Google Exploit: Canonical Negative SEO


A new negative SEO attack method has been discovered. What makes this exploit especially bad is that it is virtually impossible to detect the attacker. There is no way to recover if the attacking website is unknown.

So far, Google is remaining silent on how they intend to proceed to close this exploit in how Google ranks and de-ranks web pages.

It is noteworthy that this exploit has been observed but not tested and verified. If this exploit is real, it has the potential to disrupt Google’s search results in a major way.

How the Attack was Uncovered

The cross site canonical attack was discovered by Bill Hartzer of Hartzer Consulting. A business approached him about a sudden drop in rankings. During the course of reviewing the backlinks, Hartzer discovered links to a strange site.

But the client didn’t link to that site. Investigating that other site led him to the negative SEO site.

If that attacking site hadn’t linked to the third page Hartzer would not have been able to identify the attacking website. It was thanks to SEO Data Mining company Majestic’s new index that includes canonical data that Hartzer was able to discover the attacking site.

How the Canonical Negative SEO Works

The attack works by copying the entire “head” section of the victim’s web page into the head section of the spam webpage, including the canonical tag. The canonical tag tells Google that this spam page is the victim’s webpage.

Google then presumably assigns all the content (and the negative spam scores) from the spam web page to the victim’s web page.

How to Detect this Attack

I asked Hartzer if there was an alternate way to detect these attacks. He said he tried a number of software tools, including Copyscape and many others. But so far only Majestic was able to identify some of the attacking sites.

“I tried the source code search engine publicwww but it doesn’t show the data – only Majestic actually is showing the relationship, and that’s because the one doing the negative SEO linked out,” Hartzer said. “In the other cases I’ve uncovered, though, the site is not linking out. I know there are other sites that they’re doing this to… seen a few others.”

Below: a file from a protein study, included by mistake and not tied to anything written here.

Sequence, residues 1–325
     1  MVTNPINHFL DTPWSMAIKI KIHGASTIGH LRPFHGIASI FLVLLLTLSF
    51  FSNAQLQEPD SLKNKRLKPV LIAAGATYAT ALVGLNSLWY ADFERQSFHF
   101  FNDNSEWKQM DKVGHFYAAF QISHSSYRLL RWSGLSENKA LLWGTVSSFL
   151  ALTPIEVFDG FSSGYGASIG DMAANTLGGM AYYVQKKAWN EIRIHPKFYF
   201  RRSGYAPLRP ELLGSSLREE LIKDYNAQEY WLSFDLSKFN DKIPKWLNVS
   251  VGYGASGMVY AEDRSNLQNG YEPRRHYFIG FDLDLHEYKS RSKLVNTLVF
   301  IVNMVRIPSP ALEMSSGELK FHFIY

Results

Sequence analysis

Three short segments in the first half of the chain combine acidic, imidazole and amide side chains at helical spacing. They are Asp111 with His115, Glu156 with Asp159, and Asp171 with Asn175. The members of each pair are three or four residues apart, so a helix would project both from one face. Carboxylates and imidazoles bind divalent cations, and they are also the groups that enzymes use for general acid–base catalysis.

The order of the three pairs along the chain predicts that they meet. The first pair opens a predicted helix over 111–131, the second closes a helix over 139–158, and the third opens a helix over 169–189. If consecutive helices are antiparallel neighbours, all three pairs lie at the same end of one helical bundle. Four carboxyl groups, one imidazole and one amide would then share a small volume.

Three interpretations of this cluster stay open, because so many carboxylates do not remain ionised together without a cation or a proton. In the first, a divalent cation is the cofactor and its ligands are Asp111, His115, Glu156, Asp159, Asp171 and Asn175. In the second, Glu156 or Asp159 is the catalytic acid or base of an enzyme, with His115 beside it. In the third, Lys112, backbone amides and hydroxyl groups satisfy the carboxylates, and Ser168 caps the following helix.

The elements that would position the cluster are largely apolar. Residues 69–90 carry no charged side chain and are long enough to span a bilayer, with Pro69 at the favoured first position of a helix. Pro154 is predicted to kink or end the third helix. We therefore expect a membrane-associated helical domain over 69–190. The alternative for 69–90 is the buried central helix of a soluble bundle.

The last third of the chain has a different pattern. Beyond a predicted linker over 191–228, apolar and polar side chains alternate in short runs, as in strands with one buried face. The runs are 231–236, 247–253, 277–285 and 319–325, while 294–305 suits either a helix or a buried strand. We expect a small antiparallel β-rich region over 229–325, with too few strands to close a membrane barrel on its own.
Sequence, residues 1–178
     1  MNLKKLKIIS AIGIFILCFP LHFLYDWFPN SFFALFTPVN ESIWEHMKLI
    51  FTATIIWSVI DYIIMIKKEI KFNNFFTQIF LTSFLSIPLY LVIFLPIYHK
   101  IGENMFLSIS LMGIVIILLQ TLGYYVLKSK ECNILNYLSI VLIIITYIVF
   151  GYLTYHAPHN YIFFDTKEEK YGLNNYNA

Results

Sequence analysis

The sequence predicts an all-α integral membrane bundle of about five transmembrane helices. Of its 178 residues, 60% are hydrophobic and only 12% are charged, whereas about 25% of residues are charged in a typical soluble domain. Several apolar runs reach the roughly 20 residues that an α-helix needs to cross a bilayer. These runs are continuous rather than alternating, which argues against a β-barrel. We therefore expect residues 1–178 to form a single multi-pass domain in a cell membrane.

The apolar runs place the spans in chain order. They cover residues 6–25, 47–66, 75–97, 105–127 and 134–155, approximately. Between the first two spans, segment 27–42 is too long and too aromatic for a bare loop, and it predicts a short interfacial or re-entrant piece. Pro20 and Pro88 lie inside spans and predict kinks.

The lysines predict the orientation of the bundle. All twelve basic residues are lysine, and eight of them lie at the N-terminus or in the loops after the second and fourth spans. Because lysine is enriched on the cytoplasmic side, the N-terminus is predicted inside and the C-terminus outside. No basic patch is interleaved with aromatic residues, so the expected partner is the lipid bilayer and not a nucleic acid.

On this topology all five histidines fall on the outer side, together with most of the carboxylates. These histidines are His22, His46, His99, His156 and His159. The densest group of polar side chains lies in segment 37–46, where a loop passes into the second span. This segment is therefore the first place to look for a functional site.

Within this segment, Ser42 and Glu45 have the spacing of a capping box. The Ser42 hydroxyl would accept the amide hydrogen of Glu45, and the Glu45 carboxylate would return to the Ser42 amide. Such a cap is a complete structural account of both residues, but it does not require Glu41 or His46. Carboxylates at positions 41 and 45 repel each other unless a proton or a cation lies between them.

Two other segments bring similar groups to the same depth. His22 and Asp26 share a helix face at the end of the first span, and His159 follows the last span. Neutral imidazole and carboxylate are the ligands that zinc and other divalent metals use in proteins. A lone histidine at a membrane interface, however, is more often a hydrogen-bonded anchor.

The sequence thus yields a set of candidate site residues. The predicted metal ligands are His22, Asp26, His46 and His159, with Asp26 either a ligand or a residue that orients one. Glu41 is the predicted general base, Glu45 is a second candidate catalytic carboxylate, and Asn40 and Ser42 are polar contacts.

Is Google Doing Anything to Stop Cross Site Exploits?

Kristine Schachinger, who has recently identified a similar exploit, offered these observations:

“Usually the attack method and the results can be directly tracked back to each other. But this time the vector of the attack is not in the site being attacked, but in a weakness in Google’s algorithms.

The attack is based on Google ‘perceiving’ the two sites as one. This transfers positive or negative variables between the attacker and victim sites.

The confusion persists for some time, meaning the attack has permanence beyond the lifecycle of the actual attack. This is a Google issue that doesn’t seem to be actively addressed by Google.”

Is this Exploit Real?

This exploit has been documented as having happened to several sites. But it’s noteworthy to observe that there have been no experiments to date to confirm that this kind of attack is possible.

What Can Google Do to Stop this Exploit?

If this exploit is real, it has implications on how Google and Bing use the canonical tag.

In practice, the canonical tag is not a directive. This means that unlike with a Robots.txt file, search engines are not obligated to obey the canonical tag. The canonical tag is treated by search engines as a suggestion.

If confirmed as a flaw in how the canonical tag works, then a possible solution may be for the search engines to update the canonical specifications so that it can no longer be used to canonicalize across different domains. Ideally, this is something that should be done through the Google Search Console.


Images by Shutterstock, modified by Author





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